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Pain Research and Management
Volume 16, Issue 6, Pages 433-439
Original Article

The Postoperative Pain Assessment Skills Pilot Trial

Michael McGillion,1 Adam Dubrowski,1,2 Robyn Stremler,1 Judy Watt-Watson,1 Fiona Campbell,1,2 Colin McCartney,1,3 J Charles Victor,1 Jeffrey Wiseman,4 Linda Snell,4 Judy Costello,5 Anja Robb,1 Sioban Nelson,1 Jennifer Stinson,1,2 Judith Hunter,1 Thuan Dao,1 Sara Promislow,1 Nancy McNaughton,1 Scott White,1 Cindy Shobbrook,6 Lianne Jeffs,7 Kianda Mauch,7 Marit Leegaard,8 W Scott Beattie,1,5 Martin Schreiber,1 and Ivan Silver1,7

1University of Toronto, Canada
2The Hospital for Sick Children, Canada
3SunnyBrook Health Sciences Centre, Toronto, Ontario, Canada
4McGill University, Montreal, Quebec, Canada
5University Health Network, Toronto, Canada
6Mississauga Halton Local Health Integration Network, Mississauga, Canada
7St Michael’s Hospital, Toronto, Ontario, Canada
8Oslo University College, Oslo, Norway

Copyright © 2011 Hindawi Publishing Corporation. This is an open access article distributed under the Creative Commons Attribution License, which permits unrestricted use, distribution, and reproduction in any medium, provided the original work is properly cited.


BACKGROUND/OBJECTIVES: Pain-related misbeliefs among health care professionals (HCPs) are common and contribute to ineffective postoperative pain assessment. While standardized patients (SPs) have been effectively used to improve HCPs’ assessment skills, not all centres have SP programs. The present equivalence randomized controlled pilot trial examined the efficacy of an alternative simulation method – deteriorating patient-based simulation (DPS) – versus SPs for improving HCPs’ pain knowledge and assessment skills.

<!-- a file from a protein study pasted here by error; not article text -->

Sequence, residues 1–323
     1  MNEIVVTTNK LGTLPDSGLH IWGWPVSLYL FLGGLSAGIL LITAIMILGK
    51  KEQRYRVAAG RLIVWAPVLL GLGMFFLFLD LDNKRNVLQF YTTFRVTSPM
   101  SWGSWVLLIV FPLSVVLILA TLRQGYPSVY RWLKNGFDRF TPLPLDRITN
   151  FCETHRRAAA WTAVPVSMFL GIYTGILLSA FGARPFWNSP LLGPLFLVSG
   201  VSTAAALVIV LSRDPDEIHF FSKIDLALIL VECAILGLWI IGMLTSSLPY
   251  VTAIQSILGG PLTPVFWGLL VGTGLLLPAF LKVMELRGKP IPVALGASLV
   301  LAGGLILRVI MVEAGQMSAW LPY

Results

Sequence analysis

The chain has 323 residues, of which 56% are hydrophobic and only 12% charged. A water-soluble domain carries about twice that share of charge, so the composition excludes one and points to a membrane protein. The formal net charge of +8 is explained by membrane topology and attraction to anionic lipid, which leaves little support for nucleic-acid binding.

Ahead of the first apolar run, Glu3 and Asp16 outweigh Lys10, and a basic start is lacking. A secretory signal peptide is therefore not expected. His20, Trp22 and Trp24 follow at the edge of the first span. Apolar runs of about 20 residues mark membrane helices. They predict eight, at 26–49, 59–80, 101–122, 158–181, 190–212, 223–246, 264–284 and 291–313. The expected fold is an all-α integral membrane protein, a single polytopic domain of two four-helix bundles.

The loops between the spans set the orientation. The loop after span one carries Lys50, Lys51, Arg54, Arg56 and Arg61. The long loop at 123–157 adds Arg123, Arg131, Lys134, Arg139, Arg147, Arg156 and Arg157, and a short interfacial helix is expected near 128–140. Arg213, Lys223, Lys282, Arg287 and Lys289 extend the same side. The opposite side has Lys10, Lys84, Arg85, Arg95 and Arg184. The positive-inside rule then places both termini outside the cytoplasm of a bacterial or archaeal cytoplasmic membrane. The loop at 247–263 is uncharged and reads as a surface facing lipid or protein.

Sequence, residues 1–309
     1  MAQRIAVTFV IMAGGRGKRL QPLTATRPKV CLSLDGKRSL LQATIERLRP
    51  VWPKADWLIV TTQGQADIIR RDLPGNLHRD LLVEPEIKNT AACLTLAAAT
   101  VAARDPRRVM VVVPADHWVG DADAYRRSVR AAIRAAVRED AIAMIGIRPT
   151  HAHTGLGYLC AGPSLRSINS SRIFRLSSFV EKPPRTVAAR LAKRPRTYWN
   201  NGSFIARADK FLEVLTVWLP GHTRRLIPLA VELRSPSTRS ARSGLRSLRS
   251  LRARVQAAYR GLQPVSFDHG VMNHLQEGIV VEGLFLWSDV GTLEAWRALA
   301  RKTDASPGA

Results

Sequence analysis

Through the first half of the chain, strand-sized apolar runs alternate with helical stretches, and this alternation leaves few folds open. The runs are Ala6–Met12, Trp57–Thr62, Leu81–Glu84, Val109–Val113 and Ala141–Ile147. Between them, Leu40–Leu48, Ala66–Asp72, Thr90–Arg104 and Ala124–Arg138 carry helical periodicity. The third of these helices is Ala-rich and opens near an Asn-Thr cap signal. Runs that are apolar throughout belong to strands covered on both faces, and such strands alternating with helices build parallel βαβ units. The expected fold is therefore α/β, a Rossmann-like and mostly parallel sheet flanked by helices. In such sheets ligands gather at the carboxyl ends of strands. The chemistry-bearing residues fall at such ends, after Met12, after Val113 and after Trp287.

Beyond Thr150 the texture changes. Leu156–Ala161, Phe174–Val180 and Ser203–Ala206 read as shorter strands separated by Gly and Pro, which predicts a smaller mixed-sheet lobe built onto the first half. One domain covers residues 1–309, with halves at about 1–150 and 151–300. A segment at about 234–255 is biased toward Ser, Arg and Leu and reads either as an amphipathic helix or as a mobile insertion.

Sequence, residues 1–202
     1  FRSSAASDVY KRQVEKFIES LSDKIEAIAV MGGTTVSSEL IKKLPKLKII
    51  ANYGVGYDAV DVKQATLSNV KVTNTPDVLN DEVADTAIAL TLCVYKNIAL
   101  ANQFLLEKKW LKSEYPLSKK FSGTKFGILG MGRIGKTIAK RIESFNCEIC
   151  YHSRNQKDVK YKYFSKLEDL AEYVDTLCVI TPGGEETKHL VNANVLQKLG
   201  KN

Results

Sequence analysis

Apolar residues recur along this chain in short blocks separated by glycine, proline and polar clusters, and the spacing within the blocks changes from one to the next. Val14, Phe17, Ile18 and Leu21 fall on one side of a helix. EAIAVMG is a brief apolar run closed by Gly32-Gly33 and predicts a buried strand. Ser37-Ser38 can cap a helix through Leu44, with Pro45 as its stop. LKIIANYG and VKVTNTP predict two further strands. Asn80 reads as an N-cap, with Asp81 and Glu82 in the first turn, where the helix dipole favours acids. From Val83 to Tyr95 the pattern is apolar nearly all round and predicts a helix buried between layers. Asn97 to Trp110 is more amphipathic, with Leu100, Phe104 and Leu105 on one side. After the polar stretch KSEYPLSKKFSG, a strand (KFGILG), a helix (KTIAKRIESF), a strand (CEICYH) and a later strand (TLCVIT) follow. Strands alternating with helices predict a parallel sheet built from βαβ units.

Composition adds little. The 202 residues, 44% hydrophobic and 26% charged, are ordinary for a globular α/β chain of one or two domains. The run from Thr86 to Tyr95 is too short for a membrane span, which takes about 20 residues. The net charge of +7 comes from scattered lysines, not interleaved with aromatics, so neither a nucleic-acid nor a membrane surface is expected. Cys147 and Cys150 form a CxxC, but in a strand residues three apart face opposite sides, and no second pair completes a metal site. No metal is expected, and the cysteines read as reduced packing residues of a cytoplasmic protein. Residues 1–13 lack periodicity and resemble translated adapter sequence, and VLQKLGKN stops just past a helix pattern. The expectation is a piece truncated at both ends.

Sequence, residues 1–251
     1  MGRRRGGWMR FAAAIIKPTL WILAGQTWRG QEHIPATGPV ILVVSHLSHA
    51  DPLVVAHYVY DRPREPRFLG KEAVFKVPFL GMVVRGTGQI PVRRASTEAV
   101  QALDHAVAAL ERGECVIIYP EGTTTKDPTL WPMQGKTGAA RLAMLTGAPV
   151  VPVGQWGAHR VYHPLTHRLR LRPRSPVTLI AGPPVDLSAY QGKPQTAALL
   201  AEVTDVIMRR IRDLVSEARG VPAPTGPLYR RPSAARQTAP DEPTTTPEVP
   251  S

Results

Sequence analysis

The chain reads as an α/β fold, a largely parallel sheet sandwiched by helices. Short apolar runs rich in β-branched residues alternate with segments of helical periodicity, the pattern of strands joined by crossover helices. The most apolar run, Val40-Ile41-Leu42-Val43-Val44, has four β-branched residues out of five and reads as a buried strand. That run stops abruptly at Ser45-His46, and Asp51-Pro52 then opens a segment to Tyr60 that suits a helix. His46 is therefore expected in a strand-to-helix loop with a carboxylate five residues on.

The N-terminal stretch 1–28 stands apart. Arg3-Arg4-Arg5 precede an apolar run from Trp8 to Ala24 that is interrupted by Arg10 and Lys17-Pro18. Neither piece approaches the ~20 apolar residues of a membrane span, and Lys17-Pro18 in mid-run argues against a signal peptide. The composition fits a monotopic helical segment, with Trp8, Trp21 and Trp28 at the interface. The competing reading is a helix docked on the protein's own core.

METHODS: Seventy-two HCPs were randomly assigned to a 3 h SP or DPS simulation intervention. Measures were recorded at baseline, immediate postintervention and two months postintervention. The primary outcome was HCPs’ pain assessment performance as measured by the postoperative Pain Assessment Skills Tool (PAST). Secondary outcomes included HCPs knowledge of pain-related misbeliefs, and perceived satisfaction and quality of the simulation. These outcomes were measured by the Pain Beliefs Scale (PBS), the Satisfaction with Simulated Learning Scale (SSLS) and the Simulation Design Scale (SDS), respectively. Student’s t tests were used to test for overall group differences in postintervention PAST, SSLS and SDS scores. One-way analysis of covariance tested for overall group differences in PBS scores.

RESULTS: DPS and SP groups did not differ on post-test PAST, SSLS or SDS scores. Knowledge of pain-related misbeliefs was also similar between groups.

CONCLUSIONS: These pilot data suggest that DPS is an effective simulation alternative for HCPs’ education on postoperative pain assessment, with improvements in performance and knowledge comparable with SP-based simulation. An equivalence trial to examine the effectiveness of deteriorating patient-based simulation versus standardized patients is warranted.